October 1, 2013
The Surprising Link Between "American Idol" And Text-To-Donate Fundraising
As Hurricane Katrina devastated the Gulf coast in 2005, AT&T engineer Marian Croak found inspiration for what turned out to be a very good idea from a very unlikely source. FastCompany reports.
In 2003, AT&T had helped American Idol set up a voting system that relied on text messages rather than voice calls. This was a big deal. At the time, text messaging was still new. Some 22% of respondents to a 2008 informal poll on AT&T’s website said that they learned to text in order to vote on the show.
Now, Croak thought a similar system could be used to accept donations by text message.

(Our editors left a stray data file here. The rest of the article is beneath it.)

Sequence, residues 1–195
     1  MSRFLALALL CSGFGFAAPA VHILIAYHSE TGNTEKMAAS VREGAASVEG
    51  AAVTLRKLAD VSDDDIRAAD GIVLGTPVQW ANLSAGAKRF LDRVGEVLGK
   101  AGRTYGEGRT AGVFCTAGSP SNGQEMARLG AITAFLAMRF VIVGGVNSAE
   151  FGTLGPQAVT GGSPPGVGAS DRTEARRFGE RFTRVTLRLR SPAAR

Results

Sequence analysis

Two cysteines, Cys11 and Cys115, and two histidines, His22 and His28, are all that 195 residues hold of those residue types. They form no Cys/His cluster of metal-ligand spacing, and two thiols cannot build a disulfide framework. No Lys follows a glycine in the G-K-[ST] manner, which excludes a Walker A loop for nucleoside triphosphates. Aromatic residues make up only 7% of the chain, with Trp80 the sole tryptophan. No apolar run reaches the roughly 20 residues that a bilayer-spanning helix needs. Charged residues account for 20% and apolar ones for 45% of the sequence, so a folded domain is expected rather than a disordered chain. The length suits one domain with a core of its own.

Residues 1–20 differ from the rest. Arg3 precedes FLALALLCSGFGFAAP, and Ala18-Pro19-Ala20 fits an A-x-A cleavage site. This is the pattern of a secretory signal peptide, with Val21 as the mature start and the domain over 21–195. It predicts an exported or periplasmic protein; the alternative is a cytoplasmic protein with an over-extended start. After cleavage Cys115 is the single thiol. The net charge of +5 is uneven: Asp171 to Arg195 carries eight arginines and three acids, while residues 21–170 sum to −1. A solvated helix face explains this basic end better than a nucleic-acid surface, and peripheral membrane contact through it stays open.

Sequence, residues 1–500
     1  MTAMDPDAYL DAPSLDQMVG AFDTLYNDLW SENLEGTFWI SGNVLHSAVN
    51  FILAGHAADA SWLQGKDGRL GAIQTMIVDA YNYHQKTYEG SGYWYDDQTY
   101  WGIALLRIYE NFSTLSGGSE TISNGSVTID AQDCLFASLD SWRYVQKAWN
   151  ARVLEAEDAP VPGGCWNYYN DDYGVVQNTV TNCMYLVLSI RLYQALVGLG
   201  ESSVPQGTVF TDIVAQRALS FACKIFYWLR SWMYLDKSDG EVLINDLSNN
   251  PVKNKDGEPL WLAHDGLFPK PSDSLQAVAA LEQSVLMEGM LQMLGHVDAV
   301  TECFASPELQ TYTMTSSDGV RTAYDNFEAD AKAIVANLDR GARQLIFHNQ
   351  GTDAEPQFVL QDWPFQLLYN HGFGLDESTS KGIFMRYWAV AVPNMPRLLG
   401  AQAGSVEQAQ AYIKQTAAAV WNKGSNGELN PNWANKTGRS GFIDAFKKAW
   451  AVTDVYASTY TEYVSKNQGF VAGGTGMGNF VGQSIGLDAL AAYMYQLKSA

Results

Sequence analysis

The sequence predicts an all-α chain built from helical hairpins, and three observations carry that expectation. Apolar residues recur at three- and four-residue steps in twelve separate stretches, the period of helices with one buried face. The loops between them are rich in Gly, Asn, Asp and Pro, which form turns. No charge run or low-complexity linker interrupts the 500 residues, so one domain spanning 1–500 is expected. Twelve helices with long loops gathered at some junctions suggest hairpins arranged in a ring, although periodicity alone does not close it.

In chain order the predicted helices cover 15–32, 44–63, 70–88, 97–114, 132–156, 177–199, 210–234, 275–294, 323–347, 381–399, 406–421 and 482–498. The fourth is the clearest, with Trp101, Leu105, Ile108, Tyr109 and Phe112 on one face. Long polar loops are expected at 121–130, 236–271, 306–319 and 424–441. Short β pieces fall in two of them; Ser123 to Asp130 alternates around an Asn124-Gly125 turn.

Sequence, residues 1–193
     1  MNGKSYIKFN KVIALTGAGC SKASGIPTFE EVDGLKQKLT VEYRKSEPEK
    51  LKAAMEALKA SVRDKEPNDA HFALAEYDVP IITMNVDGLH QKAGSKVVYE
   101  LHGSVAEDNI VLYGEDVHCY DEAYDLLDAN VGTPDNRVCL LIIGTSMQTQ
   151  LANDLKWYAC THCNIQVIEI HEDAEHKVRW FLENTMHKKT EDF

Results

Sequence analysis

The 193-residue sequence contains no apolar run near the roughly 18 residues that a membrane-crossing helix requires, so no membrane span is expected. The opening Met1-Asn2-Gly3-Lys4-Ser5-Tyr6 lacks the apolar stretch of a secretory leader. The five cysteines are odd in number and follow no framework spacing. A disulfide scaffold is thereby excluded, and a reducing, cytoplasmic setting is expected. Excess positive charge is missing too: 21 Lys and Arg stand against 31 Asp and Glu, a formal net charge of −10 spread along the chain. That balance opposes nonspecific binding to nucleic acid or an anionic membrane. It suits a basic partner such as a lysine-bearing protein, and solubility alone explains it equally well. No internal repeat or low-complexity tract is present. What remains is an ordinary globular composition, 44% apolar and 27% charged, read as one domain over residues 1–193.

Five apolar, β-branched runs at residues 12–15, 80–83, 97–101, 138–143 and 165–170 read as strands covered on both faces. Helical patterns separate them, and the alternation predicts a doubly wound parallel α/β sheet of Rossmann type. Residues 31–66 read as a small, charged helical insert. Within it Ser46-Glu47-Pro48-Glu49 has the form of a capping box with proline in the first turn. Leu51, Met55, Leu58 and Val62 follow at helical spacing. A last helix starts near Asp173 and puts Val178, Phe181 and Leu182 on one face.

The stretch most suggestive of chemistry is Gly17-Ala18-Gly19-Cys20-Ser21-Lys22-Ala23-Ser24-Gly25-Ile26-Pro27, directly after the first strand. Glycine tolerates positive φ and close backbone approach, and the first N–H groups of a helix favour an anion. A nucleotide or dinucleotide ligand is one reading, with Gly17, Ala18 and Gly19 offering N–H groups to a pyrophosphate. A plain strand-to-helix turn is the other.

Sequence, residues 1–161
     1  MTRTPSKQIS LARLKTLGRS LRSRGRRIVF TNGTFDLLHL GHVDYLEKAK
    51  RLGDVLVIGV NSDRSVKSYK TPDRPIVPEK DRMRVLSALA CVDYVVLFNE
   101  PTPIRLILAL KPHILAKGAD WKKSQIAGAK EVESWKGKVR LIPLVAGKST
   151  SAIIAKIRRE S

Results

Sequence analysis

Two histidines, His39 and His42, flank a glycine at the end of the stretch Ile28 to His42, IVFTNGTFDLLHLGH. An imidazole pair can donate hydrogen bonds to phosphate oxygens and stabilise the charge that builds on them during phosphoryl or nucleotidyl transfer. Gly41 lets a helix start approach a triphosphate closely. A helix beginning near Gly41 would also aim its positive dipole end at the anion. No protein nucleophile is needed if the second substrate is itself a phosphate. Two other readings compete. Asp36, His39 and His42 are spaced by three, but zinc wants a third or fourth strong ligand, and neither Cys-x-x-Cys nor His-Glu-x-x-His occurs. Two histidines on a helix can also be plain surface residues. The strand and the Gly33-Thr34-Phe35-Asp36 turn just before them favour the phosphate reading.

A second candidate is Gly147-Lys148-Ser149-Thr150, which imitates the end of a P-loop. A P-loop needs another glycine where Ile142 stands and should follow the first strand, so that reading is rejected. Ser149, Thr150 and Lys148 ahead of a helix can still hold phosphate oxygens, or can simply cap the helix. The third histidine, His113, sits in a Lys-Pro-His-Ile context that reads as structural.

“I know those sound like very different situations, but you can use the same implementation for both of those,” she says. Instead of conveying votes made by text message to an operator, in other words, AT&T could pass on donations made by text message to a charity. Customers would see the donation as a charge on their phone bills.
AT&T filed a patent for the idea on behalf of Croak and her coinventor, Hossein Eslambolchi, in October 2005, a couple months after Hurricane Katrina. Text donations didn’t make headlines until many years later, after the 2010 Haiti earthquake, when the relief organizations collected more than $30 million in donations by text message—sent $10 at a time by texting the word “Haiti” to a specified number. Though there hasn't yet been another round of text-message fundraising that can match the Haiti campaign, text messages have established themselves as a conduit for impulse disaster-relief donations.
Read full article.
The Permanent Link to this page is: http://textually.org/textually/archives/2013/10/032345.htm